Monday, June 30, 2008
Kuolt Dead at 80
“In all his 80 years, never entered a room quietly,” wrote the Seattle Post Intelligencer in its obit of the dynamic individualist who could be at once intimidating and warm. “He'd throw open the door, step in wearing cowboy boots and a duster coat, and howl his signature greeting: ‘Yo!’ That was his thing. 'Yo.' He'd just yell it, no matter where he was," said longtime friend Bill Peare, who was also a vice president at Horizon. "In a meeting, at a party, on the golf course. He was a character, for sure."
Kuolt, who had a career at Boeing before starting Thousand Trails campgrounds in the early 1970s, “was known for his formidable work ethic, his sense of humor and his unflappable allegiance to all of his employees, regardless of their rank.” He was as at home helping behind the counter or slinging bags as he was in the board room, according to Dee Dee Maul, one of Horizon’s founding team members, who spoke with the PI. She also remembered Kuolt delivering boxes of doughnuts to flight crews at 4 am before their first flights.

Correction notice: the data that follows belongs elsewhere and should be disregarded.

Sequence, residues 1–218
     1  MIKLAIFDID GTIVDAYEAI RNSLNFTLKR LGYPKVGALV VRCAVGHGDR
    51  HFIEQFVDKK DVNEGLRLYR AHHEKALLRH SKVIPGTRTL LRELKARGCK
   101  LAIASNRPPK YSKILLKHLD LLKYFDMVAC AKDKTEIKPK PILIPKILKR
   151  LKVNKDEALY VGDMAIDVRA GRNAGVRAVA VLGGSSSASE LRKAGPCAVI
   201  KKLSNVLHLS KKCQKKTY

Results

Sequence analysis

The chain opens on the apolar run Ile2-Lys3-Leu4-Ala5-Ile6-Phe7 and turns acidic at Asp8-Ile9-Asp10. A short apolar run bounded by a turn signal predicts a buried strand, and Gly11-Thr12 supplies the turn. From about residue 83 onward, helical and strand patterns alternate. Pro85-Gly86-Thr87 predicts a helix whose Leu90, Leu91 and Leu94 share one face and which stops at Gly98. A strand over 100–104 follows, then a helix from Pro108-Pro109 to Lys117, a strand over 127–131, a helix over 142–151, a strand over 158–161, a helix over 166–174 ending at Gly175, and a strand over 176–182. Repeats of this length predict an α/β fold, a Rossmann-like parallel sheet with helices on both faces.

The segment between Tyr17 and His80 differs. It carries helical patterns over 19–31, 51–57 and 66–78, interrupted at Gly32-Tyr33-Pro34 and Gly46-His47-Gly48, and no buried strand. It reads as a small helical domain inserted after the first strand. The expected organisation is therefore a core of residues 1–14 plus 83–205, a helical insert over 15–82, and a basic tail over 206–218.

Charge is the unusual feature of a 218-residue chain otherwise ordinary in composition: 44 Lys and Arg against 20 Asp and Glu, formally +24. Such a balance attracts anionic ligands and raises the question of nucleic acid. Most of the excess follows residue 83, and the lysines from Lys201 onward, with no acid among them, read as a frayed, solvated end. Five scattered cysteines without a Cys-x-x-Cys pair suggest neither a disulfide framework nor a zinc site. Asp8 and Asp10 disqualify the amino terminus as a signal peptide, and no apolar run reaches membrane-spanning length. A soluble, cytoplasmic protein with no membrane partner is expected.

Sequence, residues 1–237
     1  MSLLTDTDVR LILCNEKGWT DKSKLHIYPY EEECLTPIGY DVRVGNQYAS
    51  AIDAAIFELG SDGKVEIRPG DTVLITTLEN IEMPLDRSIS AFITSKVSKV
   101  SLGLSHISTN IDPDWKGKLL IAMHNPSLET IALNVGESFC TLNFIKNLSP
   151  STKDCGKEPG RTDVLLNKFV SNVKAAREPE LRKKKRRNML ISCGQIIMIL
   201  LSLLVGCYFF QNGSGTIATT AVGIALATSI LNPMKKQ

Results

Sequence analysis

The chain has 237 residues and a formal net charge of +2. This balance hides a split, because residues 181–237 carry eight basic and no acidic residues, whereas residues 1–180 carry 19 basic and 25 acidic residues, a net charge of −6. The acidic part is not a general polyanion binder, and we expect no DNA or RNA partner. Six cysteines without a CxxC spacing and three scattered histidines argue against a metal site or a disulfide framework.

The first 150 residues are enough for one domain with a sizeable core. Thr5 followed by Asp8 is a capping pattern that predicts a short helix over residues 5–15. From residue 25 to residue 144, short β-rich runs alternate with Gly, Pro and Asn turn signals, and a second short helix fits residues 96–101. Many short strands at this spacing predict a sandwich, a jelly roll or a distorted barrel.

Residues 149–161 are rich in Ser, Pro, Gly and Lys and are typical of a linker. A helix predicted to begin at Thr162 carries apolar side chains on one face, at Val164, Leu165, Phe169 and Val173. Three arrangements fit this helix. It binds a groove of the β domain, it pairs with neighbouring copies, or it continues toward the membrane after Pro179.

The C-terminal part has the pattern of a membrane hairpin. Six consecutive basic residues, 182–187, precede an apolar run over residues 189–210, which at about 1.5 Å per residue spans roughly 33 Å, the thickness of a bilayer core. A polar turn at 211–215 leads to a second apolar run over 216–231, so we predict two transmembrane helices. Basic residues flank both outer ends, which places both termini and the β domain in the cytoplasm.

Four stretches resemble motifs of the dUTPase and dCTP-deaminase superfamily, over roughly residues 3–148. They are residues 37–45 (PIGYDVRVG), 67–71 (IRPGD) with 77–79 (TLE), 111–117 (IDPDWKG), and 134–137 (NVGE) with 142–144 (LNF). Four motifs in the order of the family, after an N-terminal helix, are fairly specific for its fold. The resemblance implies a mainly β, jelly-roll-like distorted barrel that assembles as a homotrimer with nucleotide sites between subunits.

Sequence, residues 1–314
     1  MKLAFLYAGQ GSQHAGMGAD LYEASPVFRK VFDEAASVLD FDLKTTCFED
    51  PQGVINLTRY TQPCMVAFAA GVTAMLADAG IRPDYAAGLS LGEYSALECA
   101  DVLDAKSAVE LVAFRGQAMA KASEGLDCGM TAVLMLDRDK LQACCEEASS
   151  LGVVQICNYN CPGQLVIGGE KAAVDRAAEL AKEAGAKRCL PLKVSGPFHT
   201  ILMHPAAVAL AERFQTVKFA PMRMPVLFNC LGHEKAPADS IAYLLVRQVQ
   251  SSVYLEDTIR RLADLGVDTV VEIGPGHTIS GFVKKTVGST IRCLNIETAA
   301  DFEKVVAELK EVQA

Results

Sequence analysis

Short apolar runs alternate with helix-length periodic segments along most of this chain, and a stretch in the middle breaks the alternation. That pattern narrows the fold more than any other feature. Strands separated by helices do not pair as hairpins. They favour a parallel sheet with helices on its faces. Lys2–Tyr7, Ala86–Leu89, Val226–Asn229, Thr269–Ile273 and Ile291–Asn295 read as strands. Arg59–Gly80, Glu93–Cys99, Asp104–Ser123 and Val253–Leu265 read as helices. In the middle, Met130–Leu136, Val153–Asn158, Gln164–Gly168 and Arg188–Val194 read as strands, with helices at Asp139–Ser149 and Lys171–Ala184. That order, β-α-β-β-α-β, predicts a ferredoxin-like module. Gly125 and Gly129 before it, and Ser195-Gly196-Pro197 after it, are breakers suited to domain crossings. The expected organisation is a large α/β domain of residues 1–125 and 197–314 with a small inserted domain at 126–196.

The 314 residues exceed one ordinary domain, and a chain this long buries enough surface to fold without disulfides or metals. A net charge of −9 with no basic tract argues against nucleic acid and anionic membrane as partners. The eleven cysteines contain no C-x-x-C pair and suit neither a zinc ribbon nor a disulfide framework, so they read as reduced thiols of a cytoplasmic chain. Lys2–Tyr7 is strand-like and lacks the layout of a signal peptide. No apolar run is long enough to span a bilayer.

"Milt didn't care if you were a baggage handler or in the boardroom,” said Bill Endicott, who worked at Thousand Trails and Horizon, and later wrote Remember the Magic: The Story of Horizon Air. “He was concerned about everybody on his team,"
It was a tribute to Kuolt that his successor, John Kelly, made it a point not to change the colorful culture of the regional airline. Even so, Kelly brought modernization, efficiency and fiscal discipline, which Kuolt, himself, said was needed.
“My strategy was to keep the airline entrepreneurial, while implementing new systems and procedures that were simple, yet efficient,” Kelly told Serling for the Alaska biography. “He was eager,” wrote Serling, “to assure everyone at Horizon that while he was no ‘Uncle Miltie,’ he was a stand-up guy who admired their airline.”
Years later, current Horizon CEO Jeff Pinneo, asked Kelly to write a column honoring the airline’s 25th anniversary which turning into a “love letter to the scrappy little company,” according to Serling.
Kuolt is survived by seven children: Milton Kuolt III, Suzanne Kuolt and Sandra Kuolt, all of Scottsdale, Ariz.; Ronald Kuolt, of Switzerland; Randolph Kuolt, of Kent; Maria Kuolt Ottolino, of Burien; and Jamie Milagro Kuolt, 17, with whom he lived; and 22 grandchildren.